Regional leaders ready to counter gasoline price spikes | Local News


The recent spike in fuel prices has many municipalities worried. Police departments, fire departments, public works, and other government agencies require constant fuel usage and often have fuel as a line item in their annual budget.

While many municipalities across the country have announced difficulties with this, many Ozarks community leaders have said they are in a better than average position to deal with the increases due to planning and reservations.

Hollister City administrator Rick Ziegenfuss told Branson Tri-Lakes News that with their budget year starting April 1, they were able to determine where last year’s fuel budget would end, allowing them to prepare for a higher level in the next budget.

“We have found that we have funds remaining in the fuel lines of most departments’ budget from last year, which means that we will only have to increase next year’s budget by 8% to cover the expected increase in fuel prices,” Ziegenfuss said.

He said his employees are also trained to take steps to minimize the fuel consumption of city vehicles and equipment. Staff are trained to turn off vehicles and equipment rather than leaving them unused. (Other local communities, such as Branson, also have a “no idling” policy.)

The city is also focusing on purchasing or leasing vehicles that are more fuel efficient compared to older models that are being replaced. They also make sure to use the right equipment for a job, so they don’t use bigger equipment (which uses more fuel) than necessary for each job.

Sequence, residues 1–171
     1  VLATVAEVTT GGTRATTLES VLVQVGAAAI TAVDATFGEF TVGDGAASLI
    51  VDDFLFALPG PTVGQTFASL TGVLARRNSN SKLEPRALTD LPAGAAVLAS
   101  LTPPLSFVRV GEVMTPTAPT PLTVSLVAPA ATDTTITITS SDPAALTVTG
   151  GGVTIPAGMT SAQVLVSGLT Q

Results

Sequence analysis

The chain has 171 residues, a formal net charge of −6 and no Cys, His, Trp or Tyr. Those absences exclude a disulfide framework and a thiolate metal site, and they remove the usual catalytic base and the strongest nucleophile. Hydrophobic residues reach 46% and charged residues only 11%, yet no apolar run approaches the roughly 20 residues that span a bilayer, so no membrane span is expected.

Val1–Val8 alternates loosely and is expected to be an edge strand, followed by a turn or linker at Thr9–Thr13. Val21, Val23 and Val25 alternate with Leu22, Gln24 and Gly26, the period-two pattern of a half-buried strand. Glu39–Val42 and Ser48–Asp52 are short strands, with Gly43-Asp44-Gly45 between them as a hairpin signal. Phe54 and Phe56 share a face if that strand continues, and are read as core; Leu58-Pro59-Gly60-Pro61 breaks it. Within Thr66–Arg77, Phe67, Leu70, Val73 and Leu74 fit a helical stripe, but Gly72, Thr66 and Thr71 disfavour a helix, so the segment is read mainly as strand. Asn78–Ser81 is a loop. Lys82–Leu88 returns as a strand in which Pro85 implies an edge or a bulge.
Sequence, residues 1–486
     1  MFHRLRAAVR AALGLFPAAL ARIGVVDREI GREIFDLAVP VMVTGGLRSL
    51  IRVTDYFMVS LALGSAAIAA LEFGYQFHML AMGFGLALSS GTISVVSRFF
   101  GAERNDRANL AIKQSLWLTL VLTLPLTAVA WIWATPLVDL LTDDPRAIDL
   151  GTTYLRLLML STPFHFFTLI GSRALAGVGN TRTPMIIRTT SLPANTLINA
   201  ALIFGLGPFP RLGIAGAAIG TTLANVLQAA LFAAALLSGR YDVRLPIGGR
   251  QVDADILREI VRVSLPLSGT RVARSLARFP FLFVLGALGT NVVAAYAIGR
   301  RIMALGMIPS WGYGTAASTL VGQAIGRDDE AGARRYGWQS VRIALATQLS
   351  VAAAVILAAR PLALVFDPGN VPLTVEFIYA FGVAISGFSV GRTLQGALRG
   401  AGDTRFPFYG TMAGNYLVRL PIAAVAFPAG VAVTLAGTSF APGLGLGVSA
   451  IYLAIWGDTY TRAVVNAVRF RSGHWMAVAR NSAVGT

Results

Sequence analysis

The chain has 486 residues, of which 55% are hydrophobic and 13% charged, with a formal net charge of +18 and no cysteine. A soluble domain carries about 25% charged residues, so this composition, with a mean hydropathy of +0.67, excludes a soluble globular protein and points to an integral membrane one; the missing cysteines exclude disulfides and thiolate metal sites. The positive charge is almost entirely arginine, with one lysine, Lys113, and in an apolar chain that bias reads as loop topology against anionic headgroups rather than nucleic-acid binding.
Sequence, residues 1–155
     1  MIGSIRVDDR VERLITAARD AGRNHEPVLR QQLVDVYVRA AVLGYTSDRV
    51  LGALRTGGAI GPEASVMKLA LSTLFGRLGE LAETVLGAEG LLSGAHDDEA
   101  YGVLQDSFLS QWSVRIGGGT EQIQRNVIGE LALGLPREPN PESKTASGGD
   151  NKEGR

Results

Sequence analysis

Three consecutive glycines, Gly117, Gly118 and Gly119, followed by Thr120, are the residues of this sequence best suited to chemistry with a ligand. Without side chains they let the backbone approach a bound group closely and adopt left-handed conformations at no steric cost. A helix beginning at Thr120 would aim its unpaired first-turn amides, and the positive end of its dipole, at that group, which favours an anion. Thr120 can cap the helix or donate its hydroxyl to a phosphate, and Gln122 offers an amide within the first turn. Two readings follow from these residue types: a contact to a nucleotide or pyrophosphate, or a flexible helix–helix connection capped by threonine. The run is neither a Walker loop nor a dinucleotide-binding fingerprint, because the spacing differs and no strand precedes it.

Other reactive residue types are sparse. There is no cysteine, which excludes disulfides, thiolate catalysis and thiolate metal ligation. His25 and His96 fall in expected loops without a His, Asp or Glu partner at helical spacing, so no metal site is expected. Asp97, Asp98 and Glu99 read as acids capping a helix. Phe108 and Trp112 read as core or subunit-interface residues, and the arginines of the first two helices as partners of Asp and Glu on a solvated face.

Still, Ziegenfuss said the city faces the same challenges as everyone else.

“Like all other personal and organizational budgets, the city is being impacted by rising fuel prices and hyperinflation in every area of ​​business,” he said. “We do our best to be good stewards of public funds and scarce resources.”

Taney County Auditor David Clark told the Branson Tri-Lakes News that fuel cost concerns were front and center for the Taney County commission during budget discussions at the end of 2021. The commissioners were considering possible increases and adjusted county budgets to take a potential fuel cost increase. They also revised the county’s mileage allowance for employees to match the state of Missouri.

Some individual county departments will still be affected. Taney County Sheriff Brad Daniels told the Branson Tri-Lakes News in their case that they prepared the budget based on previous years and they will exceed their budgeted amount of fuel despite planning for increased costs.

“We didn’t plan for this kind of jump,” Daniels said.

Taney County Ambulance District Manager Darryl Coontz said his team is prepared for some of the increased fuel costs due to similar situations occurring with other items vital to their operations.

“We may also see large fluctuations in medical equipment and drug costs,” Coontz told Branson Tri-Lakes News. “So we were able to maintain a high cash reserve and we were able to absorb the costs without too many budgetary problems at the moment.”

Coontz also said they are seeing an increase in calls, which in turn translates into increased revenue and increased reimbursements from Medicare and insurance companies. Additionally, TCAD is funded in part by sales taxes, and record sales tax revenue in 2021 continued through the first few months of 2022, leaving TCAD in a strong revenue position.

All those interviewed for this article agreed that fuel costs will continue to be a concern and that they will be looking for ways to minimize the impact of rising fuel costs in order to spend taxpayers’ money wisely. sensible.


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